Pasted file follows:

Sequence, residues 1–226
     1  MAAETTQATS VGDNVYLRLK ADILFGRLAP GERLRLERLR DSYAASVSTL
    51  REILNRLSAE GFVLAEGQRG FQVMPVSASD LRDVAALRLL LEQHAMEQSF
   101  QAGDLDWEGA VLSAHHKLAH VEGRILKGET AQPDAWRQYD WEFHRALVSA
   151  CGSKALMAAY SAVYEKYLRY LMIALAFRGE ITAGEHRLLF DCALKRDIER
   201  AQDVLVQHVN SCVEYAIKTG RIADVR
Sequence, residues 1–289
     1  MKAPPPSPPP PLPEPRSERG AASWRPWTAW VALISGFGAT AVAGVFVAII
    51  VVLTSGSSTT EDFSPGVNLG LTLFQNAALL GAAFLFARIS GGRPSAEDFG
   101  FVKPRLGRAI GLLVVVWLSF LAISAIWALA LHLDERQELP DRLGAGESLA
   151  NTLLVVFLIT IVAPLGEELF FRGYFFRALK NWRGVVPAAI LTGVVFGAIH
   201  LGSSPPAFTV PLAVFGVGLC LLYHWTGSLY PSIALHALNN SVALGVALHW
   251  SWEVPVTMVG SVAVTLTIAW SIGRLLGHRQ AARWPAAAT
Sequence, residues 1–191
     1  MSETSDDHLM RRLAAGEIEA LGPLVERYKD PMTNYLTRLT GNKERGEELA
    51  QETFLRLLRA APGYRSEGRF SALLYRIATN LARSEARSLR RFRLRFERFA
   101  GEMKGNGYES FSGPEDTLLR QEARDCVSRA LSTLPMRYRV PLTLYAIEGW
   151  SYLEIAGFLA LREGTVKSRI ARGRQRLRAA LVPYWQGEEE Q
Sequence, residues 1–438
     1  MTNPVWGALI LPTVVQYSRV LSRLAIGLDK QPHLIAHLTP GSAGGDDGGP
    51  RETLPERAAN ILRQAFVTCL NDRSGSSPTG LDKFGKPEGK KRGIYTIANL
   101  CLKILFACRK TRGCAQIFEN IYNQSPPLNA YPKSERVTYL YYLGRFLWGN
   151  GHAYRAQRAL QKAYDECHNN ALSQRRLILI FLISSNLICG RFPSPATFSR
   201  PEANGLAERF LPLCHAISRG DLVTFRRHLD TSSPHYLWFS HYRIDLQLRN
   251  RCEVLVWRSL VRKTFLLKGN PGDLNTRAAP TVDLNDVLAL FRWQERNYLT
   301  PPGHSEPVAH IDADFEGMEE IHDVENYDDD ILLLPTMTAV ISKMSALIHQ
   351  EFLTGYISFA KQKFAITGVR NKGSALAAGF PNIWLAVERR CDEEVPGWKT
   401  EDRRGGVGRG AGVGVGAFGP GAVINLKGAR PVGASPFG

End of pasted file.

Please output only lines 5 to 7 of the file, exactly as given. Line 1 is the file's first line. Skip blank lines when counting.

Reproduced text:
   151  CGSKALMAAY SAVYEKYLRY LMIALAFRGE ITAGEHRLLF DCALKRDIER
   201  AQDVLVQHVN SCVEYAIKTG RIADVR
Sequence, residues 1–289